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Maintaining Control of Both Hands

August 6, 2018

Cross fertilization of the hands, bordering on hybridization

Bach: The Italian Concerto: II

Irving is having difficulties maintaining control over both hands at once.  I attribute this to the very different rhythmic character of each hand (in general the right hand has faster notes while the left hand has relatively slower notes).

He has been trying to maintain separate but simultaneous control of each hand.  This wasn’t working.  What we did to solve this was a process by which the notes in one hand could flow back and forth into notes in the other hand.

An example:

A frequent occurrence in the movement is for the left hand, as part of its melody, to play an eighth note on the first beat of a measure, and then, after a pause of a thirty-second note, the right hand plays three thirty-second notes as part of its melody.*

In this situation, what we did was to connect legato between the left hand eighth note at the beginning of the measure and the right hand thirty-second note that followed a thirty-second later.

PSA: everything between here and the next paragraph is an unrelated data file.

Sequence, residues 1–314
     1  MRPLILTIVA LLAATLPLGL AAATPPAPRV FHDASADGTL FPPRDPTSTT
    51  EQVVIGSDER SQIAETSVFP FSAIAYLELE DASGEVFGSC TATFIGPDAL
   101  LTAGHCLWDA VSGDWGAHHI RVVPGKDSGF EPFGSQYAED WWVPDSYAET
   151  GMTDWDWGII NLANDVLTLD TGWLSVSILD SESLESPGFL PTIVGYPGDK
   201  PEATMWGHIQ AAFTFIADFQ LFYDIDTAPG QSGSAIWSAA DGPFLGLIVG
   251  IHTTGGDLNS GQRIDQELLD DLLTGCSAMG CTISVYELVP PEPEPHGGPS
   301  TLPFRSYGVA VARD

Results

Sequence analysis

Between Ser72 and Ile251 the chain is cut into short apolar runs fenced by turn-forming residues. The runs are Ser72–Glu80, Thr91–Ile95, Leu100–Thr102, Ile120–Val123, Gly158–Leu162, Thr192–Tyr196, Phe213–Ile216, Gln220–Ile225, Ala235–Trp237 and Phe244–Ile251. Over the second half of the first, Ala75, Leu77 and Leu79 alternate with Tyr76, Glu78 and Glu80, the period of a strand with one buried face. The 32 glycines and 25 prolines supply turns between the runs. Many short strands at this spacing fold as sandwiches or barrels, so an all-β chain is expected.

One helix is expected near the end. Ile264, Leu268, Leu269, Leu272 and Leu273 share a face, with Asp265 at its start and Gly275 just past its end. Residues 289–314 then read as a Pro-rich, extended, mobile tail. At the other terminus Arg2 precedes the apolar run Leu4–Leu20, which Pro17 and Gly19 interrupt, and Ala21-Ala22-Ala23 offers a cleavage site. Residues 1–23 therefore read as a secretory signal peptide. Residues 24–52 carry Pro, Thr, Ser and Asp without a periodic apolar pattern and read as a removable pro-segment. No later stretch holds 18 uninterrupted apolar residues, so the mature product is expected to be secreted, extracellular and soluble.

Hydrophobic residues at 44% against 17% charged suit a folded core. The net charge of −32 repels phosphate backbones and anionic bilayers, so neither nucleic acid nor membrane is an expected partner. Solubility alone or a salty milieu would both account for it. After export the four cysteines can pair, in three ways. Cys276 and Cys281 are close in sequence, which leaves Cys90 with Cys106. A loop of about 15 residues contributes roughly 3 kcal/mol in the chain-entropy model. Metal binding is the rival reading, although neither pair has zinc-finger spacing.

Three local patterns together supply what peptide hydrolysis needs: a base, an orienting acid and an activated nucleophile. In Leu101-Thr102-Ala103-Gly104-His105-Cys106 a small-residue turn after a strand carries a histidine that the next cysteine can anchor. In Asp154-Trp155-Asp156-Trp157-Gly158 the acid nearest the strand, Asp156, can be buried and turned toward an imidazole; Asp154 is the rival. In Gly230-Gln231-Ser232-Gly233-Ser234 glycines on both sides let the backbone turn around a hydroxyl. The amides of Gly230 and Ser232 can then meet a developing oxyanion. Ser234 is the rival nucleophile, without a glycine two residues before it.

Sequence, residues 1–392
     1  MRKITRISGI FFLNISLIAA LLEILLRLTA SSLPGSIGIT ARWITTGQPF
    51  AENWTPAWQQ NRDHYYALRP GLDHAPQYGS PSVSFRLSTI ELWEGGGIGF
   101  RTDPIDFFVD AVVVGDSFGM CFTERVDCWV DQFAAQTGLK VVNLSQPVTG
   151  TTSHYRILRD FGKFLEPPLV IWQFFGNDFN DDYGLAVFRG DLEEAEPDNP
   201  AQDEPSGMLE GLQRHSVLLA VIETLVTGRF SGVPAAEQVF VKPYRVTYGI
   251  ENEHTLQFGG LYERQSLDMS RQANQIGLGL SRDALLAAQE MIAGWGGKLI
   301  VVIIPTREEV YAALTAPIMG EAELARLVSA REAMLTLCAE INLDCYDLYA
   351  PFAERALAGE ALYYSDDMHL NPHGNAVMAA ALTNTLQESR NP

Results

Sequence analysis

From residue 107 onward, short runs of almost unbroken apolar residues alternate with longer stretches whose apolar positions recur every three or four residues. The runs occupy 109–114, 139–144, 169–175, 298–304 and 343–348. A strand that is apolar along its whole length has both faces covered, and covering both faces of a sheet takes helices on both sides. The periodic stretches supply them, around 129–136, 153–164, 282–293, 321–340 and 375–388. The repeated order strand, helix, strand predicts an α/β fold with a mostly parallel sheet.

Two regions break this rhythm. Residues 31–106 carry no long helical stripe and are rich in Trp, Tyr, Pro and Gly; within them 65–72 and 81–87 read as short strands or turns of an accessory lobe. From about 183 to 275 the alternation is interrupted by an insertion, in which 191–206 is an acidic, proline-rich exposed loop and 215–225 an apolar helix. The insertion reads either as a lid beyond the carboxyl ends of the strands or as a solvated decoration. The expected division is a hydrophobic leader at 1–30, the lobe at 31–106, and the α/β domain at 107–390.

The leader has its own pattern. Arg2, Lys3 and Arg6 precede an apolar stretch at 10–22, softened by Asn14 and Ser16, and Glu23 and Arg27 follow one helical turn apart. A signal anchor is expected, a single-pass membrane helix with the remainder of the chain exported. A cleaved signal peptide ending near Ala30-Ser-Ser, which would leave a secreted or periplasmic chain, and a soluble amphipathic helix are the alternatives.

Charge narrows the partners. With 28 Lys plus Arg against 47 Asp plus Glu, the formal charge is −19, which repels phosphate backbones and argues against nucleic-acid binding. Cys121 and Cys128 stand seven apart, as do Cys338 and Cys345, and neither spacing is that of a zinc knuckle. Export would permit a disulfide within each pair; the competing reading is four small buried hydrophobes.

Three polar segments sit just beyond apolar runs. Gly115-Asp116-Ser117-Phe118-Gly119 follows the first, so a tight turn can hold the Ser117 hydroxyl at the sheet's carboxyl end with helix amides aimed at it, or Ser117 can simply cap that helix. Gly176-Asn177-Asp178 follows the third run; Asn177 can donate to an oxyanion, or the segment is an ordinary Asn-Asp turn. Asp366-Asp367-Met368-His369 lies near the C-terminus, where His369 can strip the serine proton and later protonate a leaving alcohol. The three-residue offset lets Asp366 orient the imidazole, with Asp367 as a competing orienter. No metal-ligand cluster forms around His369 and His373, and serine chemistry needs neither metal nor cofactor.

There was also the analogous occurrences when the right hand melody contained several thirty-second notes followed by the left hand playing an eighth note.  We formed a sonic bridge between the last right hand note and the left hand note.

Unlike the more usual procedure in Bach, which is to separate the voices, we did the opposite.  We fused two voices together to create a single, new voice line: one that was a hybridization of each of the two original voices.

In this way the sound of one hand could cross fertilize with the sound of the other, creating a series of “shunts” interconnecting their notes.  The next note in one hand could derive is momentum, both pulse-wise, and melody-wise, from the note just prior to it in the other hand.

It was the ear that forged these unions, and the body responded by organically connecting the two hands.  Each hand took renewed life from the other hand.

*In many of these cases the right hand had just tied the last note of the previous measure over into the downbeat of the new measure.

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